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Whether it is your go-to bag for shopping or a gift for someone, this simple and chic crossbody purse is a great bag for everyday of the year.
They've put everything else away as they've created. The rest of us also have a belief that there's a place for everything. The problem is that place happens to be right in front of them on their work surface. And that's the place for everything we pull from our stash. Long before we're finished, we're grabbing fabrics or papers from our work surface and throwing them in the air to look beneath them for missing scissors, buttons, instructions, or punches.
When I proudly showed my husband my Fiskars Sew Taxi, I said, "Now I'll never lose my seam ripper again!" He replied, "No. Now, not only will you lose your seam ripper, you'll lose all the rest of those tools at the same time." He was right. But I was determined.
I've given up on the idea that I'll ever be one who puts things away as I create. Instead, I've made an apron covered with pockets that I can slip my tools into, rather than lying them on my work surface, as I create. This apron was inspired by one you can make using a McCall's pattern M6095. I wanted a bib front and a ruffled bottom on my apron so I'll be sharing instructions for making one this way. If you feel you need a pattern, by all means, go buy the McCall's pattern! Work with what makes you feel most comfortable.
This is a simple apron that can easily be made to whatever size you need. My measurements include seam allowances and result in a finished apron that is 24 inches wide x 19 inches long. Begin by measuring your waist to determine the width you need to have the apron wrap around your waist as far as you want. If using your own measurements, be sure to add 1/2 inch to each side of each piece for seam allowances.
Backstitch all seams unless otherwise noted. All seam allowances are 1/2 inch.
Cut the following panels*:
(1) 15 in. x 25 in. main panel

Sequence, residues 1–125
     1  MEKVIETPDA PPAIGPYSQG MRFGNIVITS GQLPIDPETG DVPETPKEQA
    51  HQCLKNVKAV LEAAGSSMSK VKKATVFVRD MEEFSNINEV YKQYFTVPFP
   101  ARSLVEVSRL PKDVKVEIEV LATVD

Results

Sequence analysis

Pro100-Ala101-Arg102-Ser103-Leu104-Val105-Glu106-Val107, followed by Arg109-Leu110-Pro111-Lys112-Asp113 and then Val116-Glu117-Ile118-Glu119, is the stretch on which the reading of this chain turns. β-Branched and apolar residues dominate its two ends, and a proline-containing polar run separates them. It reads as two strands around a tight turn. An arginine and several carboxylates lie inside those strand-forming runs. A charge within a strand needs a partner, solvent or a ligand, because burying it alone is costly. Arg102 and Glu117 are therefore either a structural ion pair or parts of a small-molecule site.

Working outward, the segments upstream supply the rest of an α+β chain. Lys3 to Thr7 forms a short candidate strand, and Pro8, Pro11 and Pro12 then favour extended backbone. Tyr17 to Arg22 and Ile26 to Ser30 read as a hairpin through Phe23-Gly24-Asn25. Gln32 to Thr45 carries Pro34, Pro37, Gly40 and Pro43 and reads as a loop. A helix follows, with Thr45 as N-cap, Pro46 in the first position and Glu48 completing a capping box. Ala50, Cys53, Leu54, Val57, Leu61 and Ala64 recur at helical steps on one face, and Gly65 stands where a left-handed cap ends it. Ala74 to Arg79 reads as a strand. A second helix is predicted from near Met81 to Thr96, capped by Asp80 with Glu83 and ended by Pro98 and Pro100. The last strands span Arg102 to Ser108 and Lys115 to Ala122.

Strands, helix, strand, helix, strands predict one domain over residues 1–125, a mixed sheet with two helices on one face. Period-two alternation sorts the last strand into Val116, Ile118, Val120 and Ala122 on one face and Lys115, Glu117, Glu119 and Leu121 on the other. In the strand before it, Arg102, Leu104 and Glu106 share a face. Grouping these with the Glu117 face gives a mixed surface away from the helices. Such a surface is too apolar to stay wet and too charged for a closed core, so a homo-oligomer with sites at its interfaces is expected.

(1) 12 in. x 14 in. bib
(1) 5 in. x 25 in. waistband
(4) 4 in. x 31 in. ties
(2) 4 in. x 27 in. for a one-fabric ruffle or (6) 4 in. x 9 in. contrasting pieces for a patchwork ruffle
(1) 5 in. x 5 in. pocket
(1) 6 in. x 6 in. pocket
(1) 5 in. x 10 in. pocket
*remember, if you cut your apron to your own size, make sure you cut the main panel and waistband the same length, cut the ruffle pieces so the ruffle will be at least twice that length, and cut the bib to the desired size. The pockets can be any size you want to accomodate your most used supplies. You might also consider adding loops of fabric to the apron for holding scissors that are too big for a pocket.
Hem 3 sides of the bib by folding the edge over 1/4 inch (wrong sides together), ironing the fold, and then fold1/4 inch again. Stitch to hold the hems in place.
Create the pockets by folding the 4 edges over 1/2" and ironing the folds in place. Stitch the fold that will be the top of the pocket slightly less than 1/2 inch from the edge.
Pin the pockets to the bib as desired and stitch them in place. Stitch close to the edge of the pockets.
Pockets can be made into divided pockets by stitching from the bottom of the pocket up to the top of it. Starting at the bottom makes it less likely for the pocket to buckle as you stitch. Set the bib aside.